“When Nixon came to San Diego once, we picketed the house he was staying in as part of my work with a Soviet Jewry group, and all the synagogue’s members were being frisked by the FBI agents, but that’s the kind of thing we did,” Lincoff says. “That’s what was important.”

Lincoff volunteered in the community and was active in Hadassah and B’nai Brith for years before helping to found the Bureau of Jewish Education, later the Agency for Jewish Education and the San Diego Jewish Academy, of which her daughter was a member of the charter class.

Lincoff still makes it a point to attend at least one Shabbat service at SDSU’s Hillel every month. It makes her happy to see Jewish students come together on Friday nights, she says, and she’s glad to still be a part of the organization after all these years.

Students appreciate her presence at Hillel programs, too.

“When I went to Hillel, Mim was always there with a big smile on her face, and she took the time to talk to all of the students while we had Shabbat dinner,” says Gia Strauss, SDSU graduate and former Hillel member.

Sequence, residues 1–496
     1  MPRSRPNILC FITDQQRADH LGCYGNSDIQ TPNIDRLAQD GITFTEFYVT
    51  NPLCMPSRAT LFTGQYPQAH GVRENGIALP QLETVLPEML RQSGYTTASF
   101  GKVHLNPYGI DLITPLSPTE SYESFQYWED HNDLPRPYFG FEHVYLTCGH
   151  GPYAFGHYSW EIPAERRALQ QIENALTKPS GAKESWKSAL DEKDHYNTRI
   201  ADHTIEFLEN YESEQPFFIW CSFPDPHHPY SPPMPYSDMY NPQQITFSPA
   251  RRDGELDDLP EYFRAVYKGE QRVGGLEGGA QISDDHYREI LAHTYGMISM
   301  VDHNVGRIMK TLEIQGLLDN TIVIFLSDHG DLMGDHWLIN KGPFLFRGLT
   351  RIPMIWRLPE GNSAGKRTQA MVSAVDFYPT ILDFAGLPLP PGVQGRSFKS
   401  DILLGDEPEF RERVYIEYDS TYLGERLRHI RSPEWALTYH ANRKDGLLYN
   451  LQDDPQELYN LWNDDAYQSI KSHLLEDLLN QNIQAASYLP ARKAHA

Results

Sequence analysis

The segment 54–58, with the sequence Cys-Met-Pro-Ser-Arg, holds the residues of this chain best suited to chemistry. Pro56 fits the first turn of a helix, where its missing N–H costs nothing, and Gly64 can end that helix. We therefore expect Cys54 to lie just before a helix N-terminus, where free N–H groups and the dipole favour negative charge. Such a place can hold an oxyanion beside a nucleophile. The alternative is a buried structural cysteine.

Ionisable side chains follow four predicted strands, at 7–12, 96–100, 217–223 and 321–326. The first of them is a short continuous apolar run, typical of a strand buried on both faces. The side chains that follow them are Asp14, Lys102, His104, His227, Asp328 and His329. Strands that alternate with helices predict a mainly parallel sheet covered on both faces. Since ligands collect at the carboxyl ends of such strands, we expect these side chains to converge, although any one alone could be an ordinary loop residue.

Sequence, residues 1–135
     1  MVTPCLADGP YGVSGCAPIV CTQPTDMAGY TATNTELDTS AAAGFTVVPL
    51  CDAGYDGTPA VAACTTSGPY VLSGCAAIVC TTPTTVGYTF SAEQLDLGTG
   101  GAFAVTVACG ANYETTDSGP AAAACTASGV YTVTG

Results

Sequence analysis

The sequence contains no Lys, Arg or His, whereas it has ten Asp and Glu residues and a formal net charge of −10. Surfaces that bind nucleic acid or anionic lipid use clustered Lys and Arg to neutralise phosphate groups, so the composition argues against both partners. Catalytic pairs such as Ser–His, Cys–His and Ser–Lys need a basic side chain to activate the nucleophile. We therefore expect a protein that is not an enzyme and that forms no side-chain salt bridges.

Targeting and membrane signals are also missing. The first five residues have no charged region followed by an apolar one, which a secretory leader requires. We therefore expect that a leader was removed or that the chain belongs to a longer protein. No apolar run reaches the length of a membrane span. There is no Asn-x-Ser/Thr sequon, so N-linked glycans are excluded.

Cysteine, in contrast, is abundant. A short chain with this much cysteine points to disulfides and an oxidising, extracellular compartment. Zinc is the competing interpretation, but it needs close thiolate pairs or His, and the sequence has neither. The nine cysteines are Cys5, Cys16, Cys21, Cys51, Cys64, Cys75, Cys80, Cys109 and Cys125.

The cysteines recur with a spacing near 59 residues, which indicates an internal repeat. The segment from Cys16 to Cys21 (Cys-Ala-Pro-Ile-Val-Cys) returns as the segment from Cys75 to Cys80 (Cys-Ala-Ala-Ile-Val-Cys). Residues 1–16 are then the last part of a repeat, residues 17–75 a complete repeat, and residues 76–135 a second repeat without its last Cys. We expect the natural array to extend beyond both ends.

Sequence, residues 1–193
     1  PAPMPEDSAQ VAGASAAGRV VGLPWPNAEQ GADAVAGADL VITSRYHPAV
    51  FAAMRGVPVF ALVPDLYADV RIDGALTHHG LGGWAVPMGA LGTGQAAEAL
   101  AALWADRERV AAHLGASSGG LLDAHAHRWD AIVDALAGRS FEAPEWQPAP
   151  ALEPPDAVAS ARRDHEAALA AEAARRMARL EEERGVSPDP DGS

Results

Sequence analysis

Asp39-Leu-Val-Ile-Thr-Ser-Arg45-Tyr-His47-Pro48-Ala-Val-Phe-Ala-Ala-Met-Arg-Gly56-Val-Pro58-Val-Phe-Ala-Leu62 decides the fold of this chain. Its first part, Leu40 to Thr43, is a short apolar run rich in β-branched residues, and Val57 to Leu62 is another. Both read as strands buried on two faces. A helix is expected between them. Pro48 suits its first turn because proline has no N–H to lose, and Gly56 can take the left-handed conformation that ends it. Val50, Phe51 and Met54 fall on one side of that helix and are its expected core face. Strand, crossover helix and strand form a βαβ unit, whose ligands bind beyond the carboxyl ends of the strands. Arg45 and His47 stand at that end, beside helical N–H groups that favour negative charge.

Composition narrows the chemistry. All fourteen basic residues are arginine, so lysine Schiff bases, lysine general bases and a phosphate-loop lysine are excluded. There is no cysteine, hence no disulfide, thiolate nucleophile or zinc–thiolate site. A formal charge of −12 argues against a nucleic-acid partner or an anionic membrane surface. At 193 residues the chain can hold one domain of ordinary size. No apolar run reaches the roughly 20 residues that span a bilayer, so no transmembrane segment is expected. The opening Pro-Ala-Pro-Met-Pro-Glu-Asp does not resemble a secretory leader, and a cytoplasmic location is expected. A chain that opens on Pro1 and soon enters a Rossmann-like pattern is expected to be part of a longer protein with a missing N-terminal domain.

Strauss graduated in May 2009 and was president of Alpha Epsilon Phi, a predominantly Jewish sorority. She regularly attended Hillel events when she was a student.

“You could tell that even after all her years of dedication she was still passionate about giving Jewish students a home away from home,” Strauss says.

Which is exactly what the original students on Lincoff’s informal advisory board wanted — a home for Jewish students while they were away at school.

“Hillel is important because Jewish kids meet other Jewish kids, they get the chance to go to Israel, and you hope that some permanent Jewish relationships come out of having an organization like this,” Lincoff says.